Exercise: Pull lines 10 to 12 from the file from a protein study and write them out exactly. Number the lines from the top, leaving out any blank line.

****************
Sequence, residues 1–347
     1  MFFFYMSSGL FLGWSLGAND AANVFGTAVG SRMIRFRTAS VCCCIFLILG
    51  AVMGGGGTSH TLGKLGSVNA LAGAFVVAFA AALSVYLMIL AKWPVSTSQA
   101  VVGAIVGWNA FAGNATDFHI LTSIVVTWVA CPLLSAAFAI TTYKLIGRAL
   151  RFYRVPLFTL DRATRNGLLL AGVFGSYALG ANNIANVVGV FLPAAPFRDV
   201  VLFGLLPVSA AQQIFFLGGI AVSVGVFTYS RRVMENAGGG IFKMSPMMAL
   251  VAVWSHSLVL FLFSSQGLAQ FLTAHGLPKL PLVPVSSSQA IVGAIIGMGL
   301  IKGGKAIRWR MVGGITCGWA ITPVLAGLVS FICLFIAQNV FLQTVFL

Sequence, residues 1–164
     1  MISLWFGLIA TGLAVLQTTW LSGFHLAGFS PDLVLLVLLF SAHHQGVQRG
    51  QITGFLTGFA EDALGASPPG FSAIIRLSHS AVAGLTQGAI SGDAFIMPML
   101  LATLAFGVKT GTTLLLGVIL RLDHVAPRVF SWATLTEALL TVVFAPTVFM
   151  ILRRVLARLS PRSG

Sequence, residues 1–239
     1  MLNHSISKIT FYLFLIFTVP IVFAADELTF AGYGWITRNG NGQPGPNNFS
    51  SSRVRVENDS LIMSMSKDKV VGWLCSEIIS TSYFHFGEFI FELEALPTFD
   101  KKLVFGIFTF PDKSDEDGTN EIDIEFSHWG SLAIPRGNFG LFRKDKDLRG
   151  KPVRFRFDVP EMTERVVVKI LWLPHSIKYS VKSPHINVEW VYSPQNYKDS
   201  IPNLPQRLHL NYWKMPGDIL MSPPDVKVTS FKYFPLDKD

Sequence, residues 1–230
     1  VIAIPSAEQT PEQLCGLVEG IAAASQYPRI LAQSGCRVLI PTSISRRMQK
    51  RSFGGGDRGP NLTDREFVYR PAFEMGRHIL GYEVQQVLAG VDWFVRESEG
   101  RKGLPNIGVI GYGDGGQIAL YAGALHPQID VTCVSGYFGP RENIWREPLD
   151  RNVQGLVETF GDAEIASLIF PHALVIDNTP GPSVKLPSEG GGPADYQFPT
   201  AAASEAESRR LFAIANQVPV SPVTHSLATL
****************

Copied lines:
     1  MISLWFGLIA TGLAVLQTTW LSGFHLAGFS PDLVLLVLLF SAHHQGVQRG
    51  QITGFLTGFA EDALGASPPG FSAIIRLSHS AVAGLTQGAI SGDAFIMPML
   101  LATLAFGVKT GTTLLLGVIL RLDHVAPRVF SWATLTEALL TVVFAPTVFM